“Many government programs are delivered through nonprofits,” he said. “For the community that’s a very good thing. A government works with tax dollars, and a nonprofit can raise money to really leverage those public dollars to make an impact.”
The Grand Valley has its share of young people who decided to go the nonprofit route to start their careers and make an impact. The Daily Sentinel talked to four of them, and what follows are snapshots looking at what they do and what drives them to do it:
Elizabeth “Biz” Collins
Work: Created Grand Valley Bikes, a nonprofit group aimed at increasing nonmotorized transportation in the Grand Valley by encouraging the creation of comprehensive bicycling routes and spreading bicycling education.
Thoughts: “I cringe when I see people biking on the sidewalk.”
Get involved: http://www.gjcyclists.blogspot.com.
Grand Junction seemed a lot bigger before Elizabeth Collins got her wheels.
When she moved to town eight years ago without a car to attend Mesa State College, getting around seemed to be a hassle.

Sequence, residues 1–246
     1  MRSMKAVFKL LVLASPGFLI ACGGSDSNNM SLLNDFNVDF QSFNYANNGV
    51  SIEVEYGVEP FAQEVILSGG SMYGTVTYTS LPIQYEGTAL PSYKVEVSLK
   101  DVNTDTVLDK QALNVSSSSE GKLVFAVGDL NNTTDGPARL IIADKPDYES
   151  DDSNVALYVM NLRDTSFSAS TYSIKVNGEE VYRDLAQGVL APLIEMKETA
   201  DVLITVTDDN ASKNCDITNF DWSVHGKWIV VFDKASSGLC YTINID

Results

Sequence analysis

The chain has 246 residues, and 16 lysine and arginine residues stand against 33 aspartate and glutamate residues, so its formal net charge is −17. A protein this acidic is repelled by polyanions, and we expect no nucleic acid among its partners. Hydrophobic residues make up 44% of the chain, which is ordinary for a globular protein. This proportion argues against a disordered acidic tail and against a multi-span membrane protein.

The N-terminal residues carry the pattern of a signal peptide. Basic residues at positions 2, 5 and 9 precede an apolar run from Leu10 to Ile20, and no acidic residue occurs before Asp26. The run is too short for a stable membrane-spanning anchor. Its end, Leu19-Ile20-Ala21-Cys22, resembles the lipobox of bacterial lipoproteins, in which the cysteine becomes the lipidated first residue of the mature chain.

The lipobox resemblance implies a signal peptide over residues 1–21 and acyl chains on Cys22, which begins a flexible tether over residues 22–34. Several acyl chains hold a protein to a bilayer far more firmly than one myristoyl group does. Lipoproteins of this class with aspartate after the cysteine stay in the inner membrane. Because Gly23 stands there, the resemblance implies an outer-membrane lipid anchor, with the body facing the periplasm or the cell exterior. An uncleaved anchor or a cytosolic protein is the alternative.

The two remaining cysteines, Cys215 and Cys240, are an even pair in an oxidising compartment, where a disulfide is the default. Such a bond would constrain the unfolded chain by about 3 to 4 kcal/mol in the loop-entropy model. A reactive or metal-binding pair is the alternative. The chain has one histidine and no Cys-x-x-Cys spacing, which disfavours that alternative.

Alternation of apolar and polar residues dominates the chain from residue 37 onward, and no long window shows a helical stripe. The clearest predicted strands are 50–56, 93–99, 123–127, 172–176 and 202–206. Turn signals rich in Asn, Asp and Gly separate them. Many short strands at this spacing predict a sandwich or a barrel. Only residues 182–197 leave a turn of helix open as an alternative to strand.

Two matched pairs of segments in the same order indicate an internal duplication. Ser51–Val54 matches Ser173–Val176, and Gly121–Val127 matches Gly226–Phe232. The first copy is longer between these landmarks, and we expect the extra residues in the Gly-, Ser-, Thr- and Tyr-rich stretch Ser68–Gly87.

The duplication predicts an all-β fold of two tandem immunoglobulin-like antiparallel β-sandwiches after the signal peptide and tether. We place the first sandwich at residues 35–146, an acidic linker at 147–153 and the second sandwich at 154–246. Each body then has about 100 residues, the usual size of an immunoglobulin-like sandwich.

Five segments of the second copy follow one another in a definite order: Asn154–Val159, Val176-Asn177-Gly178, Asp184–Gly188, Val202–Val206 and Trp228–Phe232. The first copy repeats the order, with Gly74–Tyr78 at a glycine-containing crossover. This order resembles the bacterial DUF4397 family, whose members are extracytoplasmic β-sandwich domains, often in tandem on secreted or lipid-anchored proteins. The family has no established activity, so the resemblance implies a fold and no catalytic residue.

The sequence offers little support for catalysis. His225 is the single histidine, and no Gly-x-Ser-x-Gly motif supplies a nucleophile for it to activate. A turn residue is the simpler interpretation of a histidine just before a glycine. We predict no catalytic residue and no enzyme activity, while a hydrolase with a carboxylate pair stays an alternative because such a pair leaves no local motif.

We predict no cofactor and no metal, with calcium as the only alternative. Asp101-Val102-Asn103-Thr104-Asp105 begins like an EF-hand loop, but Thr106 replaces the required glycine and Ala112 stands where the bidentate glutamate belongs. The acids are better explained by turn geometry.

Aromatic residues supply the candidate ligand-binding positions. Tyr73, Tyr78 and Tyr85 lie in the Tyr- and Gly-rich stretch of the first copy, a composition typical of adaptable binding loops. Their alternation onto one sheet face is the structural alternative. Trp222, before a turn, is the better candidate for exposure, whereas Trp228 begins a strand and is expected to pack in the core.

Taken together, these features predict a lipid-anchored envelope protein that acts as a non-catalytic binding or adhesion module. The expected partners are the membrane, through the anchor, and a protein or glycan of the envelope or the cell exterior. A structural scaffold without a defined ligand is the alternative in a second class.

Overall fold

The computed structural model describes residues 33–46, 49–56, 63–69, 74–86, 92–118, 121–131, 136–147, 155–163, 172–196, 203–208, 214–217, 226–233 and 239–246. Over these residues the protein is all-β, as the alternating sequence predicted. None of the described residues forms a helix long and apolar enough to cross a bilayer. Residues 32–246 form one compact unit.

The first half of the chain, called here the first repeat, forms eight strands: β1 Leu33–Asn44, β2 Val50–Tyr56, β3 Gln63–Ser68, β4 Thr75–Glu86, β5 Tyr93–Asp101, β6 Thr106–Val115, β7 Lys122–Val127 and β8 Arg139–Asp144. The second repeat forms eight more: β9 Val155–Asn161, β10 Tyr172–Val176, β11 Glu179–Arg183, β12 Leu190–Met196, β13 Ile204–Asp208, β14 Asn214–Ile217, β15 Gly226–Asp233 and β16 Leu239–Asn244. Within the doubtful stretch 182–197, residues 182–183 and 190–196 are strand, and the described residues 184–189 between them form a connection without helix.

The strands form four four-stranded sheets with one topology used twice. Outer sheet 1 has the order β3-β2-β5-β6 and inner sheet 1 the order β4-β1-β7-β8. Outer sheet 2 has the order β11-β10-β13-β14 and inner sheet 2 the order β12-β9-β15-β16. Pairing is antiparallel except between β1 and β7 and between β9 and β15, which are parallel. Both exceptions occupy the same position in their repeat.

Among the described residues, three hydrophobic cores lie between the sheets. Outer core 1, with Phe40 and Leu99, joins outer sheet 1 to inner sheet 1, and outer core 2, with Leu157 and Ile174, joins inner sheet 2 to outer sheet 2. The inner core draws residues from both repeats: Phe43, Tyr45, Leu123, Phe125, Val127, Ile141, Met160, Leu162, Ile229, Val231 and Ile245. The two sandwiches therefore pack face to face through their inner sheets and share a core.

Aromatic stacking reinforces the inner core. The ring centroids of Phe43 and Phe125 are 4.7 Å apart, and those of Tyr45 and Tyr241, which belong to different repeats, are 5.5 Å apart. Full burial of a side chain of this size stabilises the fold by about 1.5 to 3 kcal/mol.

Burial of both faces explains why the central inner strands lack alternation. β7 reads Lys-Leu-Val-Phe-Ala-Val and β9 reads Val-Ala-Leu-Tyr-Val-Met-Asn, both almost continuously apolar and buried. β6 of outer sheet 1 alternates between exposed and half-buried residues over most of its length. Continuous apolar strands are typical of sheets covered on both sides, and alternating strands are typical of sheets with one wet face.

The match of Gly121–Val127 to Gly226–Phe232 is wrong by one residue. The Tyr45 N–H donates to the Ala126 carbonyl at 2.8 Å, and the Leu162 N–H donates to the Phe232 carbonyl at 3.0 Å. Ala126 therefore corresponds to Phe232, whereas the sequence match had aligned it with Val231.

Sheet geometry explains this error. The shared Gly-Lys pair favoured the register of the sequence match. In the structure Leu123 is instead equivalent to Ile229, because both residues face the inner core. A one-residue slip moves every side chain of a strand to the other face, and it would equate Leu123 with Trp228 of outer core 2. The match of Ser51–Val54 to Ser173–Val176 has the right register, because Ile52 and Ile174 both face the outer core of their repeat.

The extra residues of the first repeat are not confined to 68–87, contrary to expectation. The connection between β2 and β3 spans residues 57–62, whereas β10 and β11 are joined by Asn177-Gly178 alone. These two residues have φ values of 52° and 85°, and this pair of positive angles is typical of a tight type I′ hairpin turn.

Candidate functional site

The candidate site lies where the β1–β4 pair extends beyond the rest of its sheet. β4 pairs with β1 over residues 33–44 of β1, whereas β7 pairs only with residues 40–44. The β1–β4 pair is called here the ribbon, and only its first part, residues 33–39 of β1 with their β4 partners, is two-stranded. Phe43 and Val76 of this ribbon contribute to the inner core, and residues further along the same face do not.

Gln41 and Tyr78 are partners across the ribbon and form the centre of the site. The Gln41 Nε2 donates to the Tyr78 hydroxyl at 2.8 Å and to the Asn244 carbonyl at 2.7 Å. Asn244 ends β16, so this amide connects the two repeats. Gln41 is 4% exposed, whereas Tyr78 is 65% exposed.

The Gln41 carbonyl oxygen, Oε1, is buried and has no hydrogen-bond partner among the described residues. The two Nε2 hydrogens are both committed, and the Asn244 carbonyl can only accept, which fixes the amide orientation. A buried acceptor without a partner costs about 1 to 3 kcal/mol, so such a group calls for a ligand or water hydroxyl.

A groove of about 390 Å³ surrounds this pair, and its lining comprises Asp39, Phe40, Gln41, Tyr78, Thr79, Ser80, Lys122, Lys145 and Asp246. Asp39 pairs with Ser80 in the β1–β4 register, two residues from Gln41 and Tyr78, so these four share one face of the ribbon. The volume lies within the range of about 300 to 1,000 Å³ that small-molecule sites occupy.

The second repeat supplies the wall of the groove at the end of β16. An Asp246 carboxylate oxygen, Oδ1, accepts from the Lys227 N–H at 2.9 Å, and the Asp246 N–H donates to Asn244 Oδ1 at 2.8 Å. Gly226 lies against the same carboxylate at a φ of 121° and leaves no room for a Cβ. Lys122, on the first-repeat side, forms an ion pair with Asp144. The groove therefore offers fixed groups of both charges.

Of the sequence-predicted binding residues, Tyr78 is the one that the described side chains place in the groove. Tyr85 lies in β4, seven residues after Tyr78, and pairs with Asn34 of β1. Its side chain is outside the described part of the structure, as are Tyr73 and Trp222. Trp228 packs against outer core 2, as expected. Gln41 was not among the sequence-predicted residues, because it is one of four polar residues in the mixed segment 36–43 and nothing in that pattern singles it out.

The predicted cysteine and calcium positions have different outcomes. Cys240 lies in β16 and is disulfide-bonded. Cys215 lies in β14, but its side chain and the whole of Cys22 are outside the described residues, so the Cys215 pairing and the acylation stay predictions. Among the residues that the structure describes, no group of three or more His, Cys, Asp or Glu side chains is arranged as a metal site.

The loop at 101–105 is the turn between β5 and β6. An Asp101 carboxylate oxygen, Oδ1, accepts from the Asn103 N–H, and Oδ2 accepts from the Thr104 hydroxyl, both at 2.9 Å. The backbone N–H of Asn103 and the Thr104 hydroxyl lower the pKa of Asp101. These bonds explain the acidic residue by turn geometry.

Then, a friend planted a seed.
“Main Street to the college was like a world away until somebody gave me a bike,” Collins reminisced recently, surrounded by bikes in the backyard of her Riverside home.
But as Collins began biking around town, barriers emerged that she would have missed if she had been behind the wheel.
How could she bike safely down Patterson Road or North Avenue? What about connecting main routes? By law, bicyclists have the same rights to be on the roadways as motorists. Why were so few people bicycling on local roads when it seemed such a fun way to get around? Other cities of Grand Junction’s size have comprehensive bicycle routes. Why not here?
Collins became a member of the Urban Trails Committee, a group that advocates connecting bicycle routes in traffic-congested areas. The experience of working with Grand Junction City Council members and fellow board members made her hungry for change. She had been bitten by the bicycling bug, and she yearned for results.
“To be a powerful entity and to make change, you need to be a nonprofit,” she determined. “As a nonprofit, you’re a company. We’re a voice for change.”